2. I personally felt humiliated as an Indian when I came to know about the frisking incident, not sure if the hurt would have been the same if somebody other than Dr Kalam was involved.
    Sagarika Ghose article could interest you -http://ibnlive.in.com/blogs/sagarikaghose/223/53711/dont-you-know-i-am-a-vip.html . She has written about the security check carried out on Tony Blair in Srilanka although I don’t think it can be compared to frisking.

    • I am not sure I feel humiliated because Kalam was frisked – is it so humiliating to be frisked? At any Indian airport, I have been subjected to the wand every time I boarded a plane, all my bags have been opened in public, even my hand bag is opened and every compartment checked. These things are routine in India, and don’t happen to me in US airports. If I don’t find these things humiliating and am willing to go with them, I don’t see why frisking Kalam per se is bad. Basically my only issue is that Continental wilfully flouted an Indian rule, while talking about how they were actually following rules.

      I do agree with Sagarika that far too many so-called VIPs in India demand special treatment at the drop of a hat.

  3. Insolence. The Americans have been known to refer to India as “the largest unimportant country in the world”. Still, APJ handled himself with admirable poise and dignity, taking this in his stride.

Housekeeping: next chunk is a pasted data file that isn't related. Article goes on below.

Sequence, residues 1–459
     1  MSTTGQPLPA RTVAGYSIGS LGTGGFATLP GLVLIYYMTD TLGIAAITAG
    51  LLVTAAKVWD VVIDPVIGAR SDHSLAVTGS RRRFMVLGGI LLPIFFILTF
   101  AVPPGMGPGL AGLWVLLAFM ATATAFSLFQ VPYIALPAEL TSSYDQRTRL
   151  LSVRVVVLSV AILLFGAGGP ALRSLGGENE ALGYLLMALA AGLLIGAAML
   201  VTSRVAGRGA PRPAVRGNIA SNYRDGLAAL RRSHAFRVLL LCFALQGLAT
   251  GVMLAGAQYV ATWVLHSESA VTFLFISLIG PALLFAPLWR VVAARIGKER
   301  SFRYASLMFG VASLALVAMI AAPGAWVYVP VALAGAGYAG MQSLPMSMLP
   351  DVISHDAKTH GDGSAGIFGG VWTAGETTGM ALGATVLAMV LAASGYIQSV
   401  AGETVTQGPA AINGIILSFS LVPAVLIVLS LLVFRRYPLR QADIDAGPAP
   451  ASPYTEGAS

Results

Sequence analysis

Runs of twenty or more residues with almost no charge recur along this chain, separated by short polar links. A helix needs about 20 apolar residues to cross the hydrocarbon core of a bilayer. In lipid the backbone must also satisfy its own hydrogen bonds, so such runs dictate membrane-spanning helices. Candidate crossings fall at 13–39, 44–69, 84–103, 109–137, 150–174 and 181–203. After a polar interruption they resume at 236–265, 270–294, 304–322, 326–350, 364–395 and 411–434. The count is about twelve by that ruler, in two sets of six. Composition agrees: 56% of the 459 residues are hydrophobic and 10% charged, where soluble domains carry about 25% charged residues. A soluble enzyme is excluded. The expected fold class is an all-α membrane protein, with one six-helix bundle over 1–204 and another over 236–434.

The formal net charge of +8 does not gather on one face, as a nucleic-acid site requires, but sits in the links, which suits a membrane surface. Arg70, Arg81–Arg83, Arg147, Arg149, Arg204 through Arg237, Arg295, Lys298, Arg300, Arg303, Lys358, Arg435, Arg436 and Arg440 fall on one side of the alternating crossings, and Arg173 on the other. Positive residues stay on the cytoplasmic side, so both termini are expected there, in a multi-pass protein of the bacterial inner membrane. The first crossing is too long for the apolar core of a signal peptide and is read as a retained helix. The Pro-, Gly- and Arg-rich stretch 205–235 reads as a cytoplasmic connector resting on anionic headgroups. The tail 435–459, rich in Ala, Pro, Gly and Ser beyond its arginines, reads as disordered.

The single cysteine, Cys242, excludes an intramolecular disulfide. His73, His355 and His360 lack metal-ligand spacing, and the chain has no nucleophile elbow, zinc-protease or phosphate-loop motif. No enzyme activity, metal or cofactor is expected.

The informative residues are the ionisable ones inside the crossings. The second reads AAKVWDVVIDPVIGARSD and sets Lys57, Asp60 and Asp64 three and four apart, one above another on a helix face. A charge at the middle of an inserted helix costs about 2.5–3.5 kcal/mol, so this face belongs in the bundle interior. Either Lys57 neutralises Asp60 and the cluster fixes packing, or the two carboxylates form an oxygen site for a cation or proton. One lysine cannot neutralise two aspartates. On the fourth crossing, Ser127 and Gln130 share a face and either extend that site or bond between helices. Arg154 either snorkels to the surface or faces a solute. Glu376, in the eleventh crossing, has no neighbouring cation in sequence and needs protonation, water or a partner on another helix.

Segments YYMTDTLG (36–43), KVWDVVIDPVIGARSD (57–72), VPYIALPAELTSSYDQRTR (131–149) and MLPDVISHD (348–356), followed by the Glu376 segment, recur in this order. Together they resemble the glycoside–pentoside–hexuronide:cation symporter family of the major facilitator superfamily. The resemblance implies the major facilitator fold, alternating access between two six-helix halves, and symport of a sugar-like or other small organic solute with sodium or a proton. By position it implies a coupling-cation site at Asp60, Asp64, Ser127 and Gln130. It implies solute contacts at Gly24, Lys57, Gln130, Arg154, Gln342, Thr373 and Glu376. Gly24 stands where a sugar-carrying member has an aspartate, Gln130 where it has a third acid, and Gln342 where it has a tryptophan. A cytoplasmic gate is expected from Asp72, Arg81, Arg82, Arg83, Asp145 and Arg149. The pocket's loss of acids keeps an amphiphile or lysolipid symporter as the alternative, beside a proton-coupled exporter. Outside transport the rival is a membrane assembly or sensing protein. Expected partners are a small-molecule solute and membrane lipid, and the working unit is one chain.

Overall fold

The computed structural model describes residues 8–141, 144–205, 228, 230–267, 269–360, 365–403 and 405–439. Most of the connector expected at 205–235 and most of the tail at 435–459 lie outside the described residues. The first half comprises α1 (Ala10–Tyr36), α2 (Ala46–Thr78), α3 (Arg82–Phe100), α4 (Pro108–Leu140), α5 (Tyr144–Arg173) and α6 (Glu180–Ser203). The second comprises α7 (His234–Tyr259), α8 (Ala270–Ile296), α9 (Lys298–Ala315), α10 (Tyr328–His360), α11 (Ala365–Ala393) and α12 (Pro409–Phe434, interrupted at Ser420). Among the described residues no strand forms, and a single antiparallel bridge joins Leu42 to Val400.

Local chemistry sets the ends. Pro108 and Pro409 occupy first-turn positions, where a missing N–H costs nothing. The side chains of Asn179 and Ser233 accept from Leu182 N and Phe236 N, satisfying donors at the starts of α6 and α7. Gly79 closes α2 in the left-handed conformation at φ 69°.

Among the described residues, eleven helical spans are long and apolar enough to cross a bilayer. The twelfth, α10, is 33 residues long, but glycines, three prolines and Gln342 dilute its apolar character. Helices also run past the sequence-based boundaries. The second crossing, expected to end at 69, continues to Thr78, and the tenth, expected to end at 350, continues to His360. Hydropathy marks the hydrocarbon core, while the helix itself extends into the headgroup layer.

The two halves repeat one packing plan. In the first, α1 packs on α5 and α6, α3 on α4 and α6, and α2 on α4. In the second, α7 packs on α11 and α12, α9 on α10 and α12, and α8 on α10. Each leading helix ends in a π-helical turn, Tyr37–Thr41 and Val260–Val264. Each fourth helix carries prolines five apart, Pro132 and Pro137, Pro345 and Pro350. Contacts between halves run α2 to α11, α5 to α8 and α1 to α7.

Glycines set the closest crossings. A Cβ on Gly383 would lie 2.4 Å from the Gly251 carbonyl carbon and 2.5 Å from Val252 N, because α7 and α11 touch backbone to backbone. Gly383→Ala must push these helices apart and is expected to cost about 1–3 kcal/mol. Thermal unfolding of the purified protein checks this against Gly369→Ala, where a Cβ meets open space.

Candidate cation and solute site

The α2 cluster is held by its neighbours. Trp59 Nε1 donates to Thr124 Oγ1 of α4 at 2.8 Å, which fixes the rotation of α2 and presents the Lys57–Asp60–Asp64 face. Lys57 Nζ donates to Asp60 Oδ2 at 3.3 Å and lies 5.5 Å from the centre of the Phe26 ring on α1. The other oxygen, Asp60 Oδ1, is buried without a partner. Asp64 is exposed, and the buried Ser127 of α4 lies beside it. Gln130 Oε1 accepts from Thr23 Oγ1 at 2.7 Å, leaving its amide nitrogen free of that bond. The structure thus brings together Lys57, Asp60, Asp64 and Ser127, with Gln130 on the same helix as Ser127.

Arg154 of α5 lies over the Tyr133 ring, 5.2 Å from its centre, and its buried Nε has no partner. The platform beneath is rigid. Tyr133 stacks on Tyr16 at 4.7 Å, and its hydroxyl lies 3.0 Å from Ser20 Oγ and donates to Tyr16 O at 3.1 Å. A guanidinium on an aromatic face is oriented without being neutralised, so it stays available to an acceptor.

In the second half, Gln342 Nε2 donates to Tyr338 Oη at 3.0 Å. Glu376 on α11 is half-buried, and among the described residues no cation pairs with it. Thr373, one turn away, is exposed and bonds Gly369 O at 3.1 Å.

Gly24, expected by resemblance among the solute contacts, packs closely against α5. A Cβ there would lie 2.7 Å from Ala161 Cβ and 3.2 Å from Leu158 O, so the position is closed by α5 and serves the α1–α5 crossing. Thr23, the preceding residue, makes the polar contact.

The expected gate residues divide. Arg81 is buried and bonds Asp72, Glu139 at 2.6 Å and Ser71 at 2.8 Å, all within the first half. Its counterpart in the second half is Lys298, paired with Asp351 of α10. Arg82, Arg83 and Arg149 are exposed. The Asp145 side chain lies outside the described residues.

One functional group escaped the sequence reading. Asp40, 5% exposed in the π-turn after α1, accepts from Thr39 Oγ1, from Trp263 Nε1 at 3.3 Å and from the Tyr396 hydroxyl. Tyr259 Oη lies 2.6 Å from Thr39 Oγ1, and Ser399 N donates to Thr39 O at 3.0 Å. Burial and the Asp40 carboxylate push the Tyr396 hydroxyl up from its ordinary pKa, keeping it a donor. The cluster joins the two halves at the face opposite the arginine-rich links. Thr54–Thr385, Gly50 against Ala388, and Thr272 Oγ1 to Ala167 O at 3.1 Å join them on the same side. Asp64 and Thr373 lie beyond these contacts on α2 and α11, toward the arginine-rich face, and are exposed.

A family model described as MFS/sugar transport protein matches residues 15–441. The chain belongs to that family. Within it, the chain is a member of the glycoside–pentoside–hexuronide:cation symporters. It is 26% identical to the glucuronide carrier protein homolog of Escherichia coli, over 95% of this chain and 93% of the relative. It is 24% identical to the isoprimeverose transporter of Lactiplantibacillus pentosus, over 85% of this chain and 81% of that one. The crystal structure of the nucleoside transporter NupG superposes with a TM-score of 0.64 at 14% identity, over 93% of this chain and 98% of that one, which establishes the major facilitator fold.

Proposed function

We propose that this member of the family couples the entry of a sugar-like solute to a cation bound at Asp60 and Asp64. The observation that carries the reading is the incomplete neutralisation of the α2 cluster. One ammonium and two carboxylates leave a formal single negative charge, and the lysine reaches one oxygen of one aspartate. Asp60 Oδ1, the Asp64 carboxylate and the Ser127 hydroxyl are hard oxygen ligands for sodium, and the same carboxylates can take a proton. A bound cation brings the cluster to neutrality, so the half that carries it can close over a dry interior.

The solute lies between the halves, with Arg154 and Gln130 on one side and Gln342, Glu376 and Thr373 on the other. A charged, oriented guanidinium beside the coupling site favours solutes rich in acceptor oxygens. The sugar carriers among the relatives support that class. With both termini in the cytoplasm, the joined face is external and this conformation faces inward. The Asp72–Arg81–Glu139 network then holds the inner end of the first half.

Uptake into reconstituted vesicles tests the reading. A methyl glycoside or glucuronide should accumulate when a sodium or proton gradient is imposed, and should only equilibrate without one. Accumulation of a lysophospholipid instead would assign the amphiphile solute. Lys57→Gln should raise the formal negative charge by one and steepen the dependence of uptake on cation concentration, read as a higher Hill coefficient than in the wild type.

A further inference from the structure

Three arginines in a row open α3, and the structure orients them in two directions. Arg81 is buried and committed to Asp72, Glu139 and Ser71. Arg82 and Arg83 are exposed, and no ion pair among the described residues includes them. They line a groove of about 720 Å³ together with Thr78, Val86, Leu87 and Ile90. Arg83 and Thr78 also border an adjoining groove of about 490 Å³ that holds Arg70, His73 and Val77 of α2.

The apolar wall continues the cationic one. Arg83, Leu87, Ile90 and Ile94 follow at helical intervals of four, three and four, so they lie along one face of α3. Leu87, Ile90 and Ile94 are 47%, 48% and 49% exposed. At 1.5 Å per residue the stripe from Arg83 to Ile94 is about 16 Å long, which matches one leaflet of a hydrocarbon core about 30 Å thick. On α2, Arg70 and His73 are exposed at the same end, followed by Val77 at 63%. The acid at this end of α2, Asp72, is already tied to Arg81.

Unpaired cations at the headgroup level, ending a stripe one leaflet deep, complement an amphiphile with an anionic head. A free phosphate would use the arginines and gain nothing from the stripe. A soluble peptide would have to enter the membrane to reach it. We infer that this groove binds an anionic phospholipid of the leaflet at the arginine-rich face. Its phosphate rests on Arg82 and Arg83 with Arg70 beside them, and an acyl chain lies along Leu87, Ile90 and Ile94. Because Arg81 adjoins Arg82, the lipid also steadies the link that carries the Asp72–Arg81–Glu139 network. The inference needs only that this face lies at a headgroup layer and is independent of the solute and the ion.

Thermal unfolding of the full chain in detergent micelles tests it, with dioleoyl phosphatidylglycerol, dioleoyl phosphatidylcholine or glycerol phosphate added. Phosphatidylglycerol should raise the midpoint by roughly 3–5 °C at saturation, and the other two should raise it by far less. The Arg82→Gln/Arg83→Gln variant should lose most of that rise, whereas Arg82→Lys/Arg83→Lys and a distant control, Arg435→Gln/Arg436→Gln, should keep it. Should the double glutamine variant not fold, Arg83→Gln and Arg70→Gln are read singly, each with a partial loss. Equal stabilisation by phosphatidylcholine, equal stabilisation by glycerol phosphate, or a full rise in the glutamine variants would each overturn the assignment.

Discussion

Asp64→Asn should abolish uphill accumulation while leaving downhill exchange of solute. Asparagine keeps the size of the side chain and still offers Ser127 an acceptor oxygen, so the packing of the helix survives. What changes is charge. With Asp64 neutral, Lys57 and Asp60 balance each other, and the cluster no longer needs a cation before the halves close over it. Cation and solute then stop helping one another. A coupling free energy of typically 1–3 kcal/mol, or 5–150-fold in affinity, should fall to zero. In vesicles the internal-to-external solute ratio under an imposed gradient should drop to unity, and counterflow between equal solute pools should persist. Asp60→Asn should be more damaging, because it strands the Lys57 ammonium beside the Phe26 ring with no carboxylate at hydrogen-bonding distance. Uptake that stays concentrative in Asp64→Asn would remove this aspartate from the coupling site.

That said, Continental definitely needs to pay for it. I hope the government pushes really hard

    • I agree APJ handles himself with poise and tact, and refused to make an issue of it. I wonder how it would have been if it was someone else on the same list?

  4. This is apalling. If ‘United breaks guitars, Continental can go very very far’ ! This is insulting, to say the least.

    But there is this other side too. The man himself hasnt bothered. And has gone about his life with a normalcy that was best exemplified during his term as president. I wonder how a Mayawati or a Mulayam Singh would have reacted.

      • The United/guitar incident demonstrates that US run airlines treat everybody equally crappy regardless of race, religion, country, or social/political rank. On the other hand it also demonstrates the differences in how the two cultures deal with the mistreatment. One does something creative, reaches out to the public and gets results. The other whines, pouts, complains, and threatens. What a waste.